California city declares state of emergency after ransomware attack

The city manager for Oakley, California, declared a state of emergency to accelerate the city's response to a ransomware attack.
(Getty Images)

The San Francisco Bay Area city of Oakley, home to about 43,000 people, was hit last week with a ransomware attack, prompting the city manager to declare a state of emergency “out of an abundance of caution,” while the city’s technology division worked with law enforcement to investigate the extent of the attack.

The city said Thursday that emergency services, including 911, police, fire, ambulances were not affected.

According to the California Governor’s Office of Emergency Services, the purpose of a local emergency proclamation is to “provide extraordinary police powers, immunity for emergency actions, authorize issuance of orders and regulations, activate pre-established emergency provisions, and is a prerequisite for requesting state or federal assistance.”

In a statement about the attack, the city officials said they’re developing a response plan to address the incident.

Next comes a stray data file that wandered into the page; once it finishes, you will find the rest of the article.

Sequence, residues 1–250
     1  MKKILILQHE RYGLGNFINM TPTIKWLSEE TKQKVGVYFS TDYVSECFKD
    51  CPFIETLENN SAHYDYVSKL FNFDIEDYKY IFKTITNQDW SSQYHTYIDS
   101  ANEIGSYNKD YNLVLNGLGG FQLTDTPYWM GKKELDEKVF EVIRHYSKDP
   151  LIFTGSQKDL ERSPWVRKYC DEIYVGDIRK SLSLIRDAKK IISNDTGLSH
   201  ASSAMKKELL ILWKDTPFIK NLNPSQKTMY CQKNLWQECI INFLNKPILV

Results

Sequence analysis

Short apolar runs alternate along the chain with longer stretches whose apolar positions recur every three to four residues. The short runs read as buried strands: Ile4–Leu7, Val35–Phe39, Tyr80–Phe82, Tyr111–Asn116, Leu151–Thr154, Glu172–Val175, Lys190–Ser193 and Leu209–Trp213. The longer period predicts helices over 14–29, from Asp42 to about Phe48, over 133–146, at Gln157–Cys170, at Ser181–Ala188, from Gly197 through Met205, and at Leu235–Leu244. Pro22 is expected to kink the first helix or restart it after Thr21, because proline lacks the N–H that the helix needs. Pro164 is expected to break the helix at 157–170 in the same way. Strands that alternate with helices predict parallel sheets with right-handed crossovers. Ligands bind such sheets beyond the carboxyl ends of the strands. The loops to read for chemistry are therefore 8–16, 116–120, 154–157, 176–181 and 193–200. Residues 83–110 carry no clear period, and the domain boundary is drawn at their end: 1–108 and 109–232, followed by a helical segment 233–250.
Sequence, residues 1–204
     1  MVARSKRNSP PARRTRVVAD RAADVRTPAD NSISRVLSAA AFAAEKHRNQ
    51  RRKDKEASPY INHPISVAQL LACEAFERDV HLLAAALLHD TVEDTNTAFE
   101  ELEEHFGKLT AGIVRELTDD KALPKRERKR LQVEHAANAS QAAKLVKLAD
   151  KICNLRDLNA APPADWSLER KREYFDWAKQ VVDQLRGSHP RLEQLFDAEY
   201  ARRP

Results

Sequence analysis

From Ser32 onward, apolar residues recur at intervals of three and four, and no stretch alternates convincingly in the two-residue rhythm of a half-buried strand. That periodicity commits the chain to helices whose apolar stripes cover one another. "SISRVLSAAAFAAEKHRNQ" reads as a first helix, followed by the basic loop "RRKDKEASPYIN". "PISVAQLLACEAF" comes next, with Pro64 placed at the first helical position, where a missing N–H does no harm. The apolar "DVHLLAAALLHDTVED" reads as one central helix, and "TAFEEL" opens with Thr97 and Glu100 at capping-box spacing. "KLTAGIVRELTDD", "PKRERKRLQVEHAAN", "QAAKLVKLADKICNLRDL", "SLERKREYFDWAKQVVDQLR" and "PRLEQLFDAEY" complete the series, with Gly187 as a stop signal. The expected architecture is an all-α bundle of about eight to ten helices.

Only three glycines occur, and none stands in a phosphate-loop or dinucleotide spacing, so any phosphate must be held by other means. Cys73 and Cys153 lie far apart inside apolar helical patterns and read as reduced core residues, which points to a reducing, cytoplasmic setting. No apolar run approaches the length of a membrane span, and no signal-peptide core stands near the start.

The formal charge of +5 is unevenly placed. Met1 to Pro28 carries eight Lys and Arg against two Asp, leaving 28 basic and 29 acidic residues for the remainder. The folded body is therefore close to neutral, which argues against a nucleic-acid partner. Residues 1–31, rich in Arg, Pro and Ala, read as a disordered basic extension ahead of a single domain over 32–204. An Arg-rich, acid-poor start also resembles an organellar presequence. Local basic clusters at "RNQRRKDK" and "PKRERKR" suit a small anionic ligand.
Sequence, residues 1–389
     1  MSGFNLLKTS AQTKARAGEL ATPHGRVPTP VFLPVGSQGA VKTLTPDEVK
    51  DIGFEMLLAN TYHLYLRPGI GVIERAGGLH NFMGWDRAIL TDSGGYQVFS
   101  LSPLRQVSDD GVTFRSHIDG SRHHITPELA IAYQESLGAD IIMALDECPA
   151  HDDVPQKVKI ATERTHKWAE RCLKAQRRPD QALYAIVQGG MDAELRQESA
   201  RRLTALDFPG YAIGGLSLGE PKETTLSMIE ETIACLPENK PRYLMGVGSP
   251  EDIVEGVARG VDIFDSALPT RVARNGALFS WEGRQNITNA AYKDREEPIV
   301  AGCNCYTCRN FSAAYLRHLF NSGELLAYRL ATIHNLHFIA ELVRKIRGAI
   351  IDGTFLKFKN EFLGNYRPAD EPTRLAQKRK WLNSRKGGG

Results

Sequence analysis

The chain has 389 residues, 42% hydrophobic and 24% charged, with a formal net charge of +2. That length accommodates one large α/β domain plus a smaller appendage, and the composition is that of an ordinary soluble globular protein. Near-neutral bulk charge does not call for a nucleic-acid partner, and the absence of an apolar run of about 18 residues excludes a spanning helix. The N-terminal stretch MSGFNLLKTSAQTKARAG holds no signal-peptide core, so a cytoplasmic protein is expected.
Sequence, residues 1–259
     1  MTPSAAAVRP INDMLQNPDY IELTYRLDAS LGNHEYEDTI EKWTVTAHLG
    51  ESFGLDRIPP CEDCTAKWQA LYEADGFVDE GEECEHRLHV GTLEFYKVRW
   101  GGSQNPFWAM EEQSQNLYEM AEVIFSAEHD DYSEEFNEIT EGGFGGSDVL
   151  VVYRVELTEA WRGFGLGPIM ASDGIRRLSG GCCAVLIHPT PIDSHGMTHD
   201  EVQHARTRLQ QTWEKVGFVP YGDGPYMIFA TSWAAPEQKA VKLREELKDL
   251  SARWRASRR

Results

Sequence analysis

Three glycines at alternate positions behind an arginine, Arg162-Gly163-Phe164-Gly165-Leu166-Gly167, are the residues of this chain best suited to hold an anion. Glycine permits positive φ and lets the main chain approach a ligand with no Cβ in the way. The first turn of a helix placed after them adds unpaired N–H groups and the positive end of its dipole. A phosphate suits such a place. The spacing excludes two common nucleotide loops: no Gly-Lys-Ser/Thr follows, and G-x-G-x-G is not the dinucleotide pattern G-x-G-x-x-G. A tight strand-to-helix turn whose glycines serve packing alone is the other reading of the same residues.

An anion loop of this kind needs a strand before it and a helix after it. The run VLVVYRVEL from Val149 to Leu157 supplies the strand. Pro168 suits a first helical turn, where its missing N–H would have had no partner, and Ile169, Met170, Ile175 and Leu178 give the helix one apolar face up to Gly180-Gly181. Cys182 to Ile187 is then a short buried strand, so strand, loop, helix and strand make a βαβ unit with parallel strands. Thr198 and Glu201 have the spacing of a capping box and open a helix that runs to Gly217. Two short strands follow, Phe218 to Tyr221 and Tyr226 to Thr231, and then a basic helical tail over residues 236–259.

“The city’s Emergency Operations Center has been partially activated, and IT has taken affected systems offline while we work to safely secure and restore services,” the statement reads. “While this work is being done, the public should expect delays in non-emergency services from the City.”

Meanwhile, 24 miles away in Pleasant Hill, that city’s police department is investigating a “cyber incident” that impacted the city’s computer infrastructure, which also occurred Feb. 22. Officials said in a statement that city services remain operational and that “public safety was never compromised.”

“IT professionals detected and responded to a cyber intrusion targeting the City’s computer servers. The intrusion was quickly isolated in order to minimize any damage,” according to a statement from Pleasant Hill officials about the incident.

Though both attacks occurred the same day in Contra Costa County, home to 19 cities in California’s Bay Area, it’s unclear if they’re connected.

Sophia Fox-Sowell

Written by Sophia Fox-Sowell

Sophia Fox-Sowell reports on artificial intelligence, cybersecurity and government regulation for StateScoop. She was previously a multimedia producer for CNET, where her coverage focused on private sector innovation in food production, climate change and space through podcasts and video content. She earned her bachelor’s in anthropology at Wagner College and master’s in media innovation from Northeastern University.

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